Among the western civilization's more dubious claims is that western man possesses the ability to define and delimit all knowledge. While colonization used murder and bribery to great effect, a lasting impact of the western incursion is in the area of epistemology, the nature of knowledge. In a two-pronged effort to dominate the world, western missionaries, explorers, traders, soldiers and academics worked to systematically destroy local knowledge systems and replace them with western-derived knowledge systems. Losing their own knowledge base, non-western peoples fell pray to western designs, and perpetuated their own subjugation.
But this process was not complete, and there is an ongoing struggle to redefine knowledge according to the needs and views of different cultures and civilizations. The western knowledge systems, once reigning supreme with a veneer of objectivity and universality, are now being questioned. This process of questioning is taking place within the west itself, but the major challenges to western systems of knowledge are coming from non-western peoples who have begun to rethink their dependence and allegiance. This struggle over normative definitions of what constitutes knowledge is taking place on a variety of fronts, including western academic circles.
What is Indigenous Knowledge?, edited by scholars of education Ladislaus Semali and Joe L. Kincheloe of Penn State University, brings together an international cohort of voices in a volume intended to introduce a series of books that will explore different aspects of the debates on indigenous knowledge both in the west and elsewhere. As this discussion is being initiated by western academics, it seems fitting that they lay out their intentions and goals for the volume and the series.
According to the editors, the volume intends to explore the "benefits to be derived from the inclusion of indigenous knowledge in the academy." They urge caution and care with respect to who should be talking about indigenous knowledge, and in the introduction set out to "map our positionalities and the reasons we have chosen to undertake this work." Thus, according to Kincheloe, "I understand my privilege as a white male and the potential for the appropriation of indigenity that such a position possesses. Employing such a reflective awareness, I attempt to monitor my relationship with indigenous culture and indigenous knowledge." Proceeding from this sense of self-awareness by acknowledging one's own ethnocentrism as a pre-requisite to any study of other peoples and cultures, studying indigenous knowledge can "foster empowerment and justice in a variety of culture contexts" by seeking "epistemologies that move in ways unimagined by most western academic impulses."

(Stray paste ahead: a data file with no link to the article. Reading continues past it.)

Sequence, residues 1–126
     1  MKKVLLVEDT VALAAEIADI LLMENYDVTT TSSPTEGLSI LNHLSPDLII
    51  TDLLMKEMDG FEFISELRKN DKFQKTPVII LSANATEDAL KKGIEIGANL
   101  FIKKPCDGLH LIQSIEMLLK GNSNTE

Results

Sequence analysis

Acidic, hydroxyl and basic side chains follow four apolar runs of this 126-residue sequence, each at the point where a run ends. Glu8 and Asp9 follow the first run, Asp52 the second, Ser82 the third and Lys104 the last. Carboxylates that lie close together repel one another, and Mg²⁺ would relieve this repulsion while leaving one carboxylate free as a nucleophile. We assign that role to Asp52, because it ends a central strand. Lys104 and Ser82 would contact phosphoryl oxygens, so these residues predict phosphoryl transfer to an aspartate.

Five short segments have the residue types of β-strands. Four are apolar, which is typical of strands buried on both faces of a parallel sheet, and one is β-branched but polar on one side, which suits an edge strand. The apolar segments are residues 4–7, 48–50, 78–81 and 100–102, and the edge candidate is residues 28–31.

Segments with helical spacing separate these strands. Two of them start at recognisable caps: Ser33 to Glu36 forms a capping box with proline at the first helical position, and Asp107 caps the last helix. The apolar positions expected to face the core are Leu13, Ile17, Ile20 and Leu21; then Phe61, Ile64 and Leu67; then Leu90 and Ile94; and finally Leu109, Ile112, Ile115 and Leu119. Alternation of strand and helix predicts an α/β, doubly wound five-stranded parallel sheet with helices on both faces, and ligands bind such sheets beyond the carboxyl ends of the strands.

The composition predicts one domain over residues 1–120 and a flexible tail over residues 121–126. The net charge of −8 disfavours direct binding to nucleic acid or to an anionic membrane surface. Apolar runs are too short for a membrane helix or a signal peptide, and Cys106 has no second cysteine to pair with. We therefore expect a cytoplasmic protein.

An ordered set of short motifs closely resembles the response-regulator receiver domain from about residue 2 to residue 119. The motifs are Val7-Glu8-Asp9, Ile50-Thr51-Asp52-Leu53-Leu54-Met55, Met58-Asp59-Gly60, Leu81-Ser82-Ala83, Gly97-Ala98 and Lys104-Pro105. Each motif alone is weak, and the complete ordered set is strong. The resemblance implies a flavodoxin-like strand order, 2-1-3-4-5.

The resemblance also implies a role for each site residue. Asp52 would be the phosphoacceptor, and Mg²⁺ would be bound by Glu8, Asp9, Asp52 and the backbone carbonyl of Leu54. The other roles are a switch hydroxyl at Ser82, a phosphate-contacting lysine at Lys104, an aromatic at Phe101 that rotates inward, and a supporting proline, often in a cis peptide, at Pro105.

The project seeks to recover knowledge systems deemed irrelevant and denigrated by the western colonial system, primarily through its educational institutions. In a sense, the editors and contributing authors seem to want to colonize the western academy with non-western knowledges, in full awareness of the political implications of such an endeavor. The resulting appreciation of indigenous epistemology can provide western peoples with "another view of knowledge production in diverse cultural sites," while at the same time situating western knowledge in its own cultural setting, instead of as a universal.
Intertwined with this assertion is the realization that western knowledge systems are increasingly being questioned from within and without, a prospectus that the editors and authors fully appreciate and encourage. So, according to the editors, "One of the concepts western analysts have learned in their encounters with non-western knowledge systems is that western certainty cannot survive, that the confrontation with difference out of necessity demands some degree of epistemological contingency." The form of this contingency imbues the project with meaning.
Studying indigenous knowledge fosters "greater awareness of neo-colonialism and other western social practices that harm indigenous peoples," and serves as a reminder that "traditional knowledge has been lost and world views have been shattered." At the same time, the collection is not naive, nor does it seek to provide western recipes for reclaiming lost epistemologies. Rather, the authors recognize that "questions of cultural renewal and indigenous knowledge are not as easy as some represent them to be," warning against essentialist notions of pure indigenous knowledges providing solutions for the west.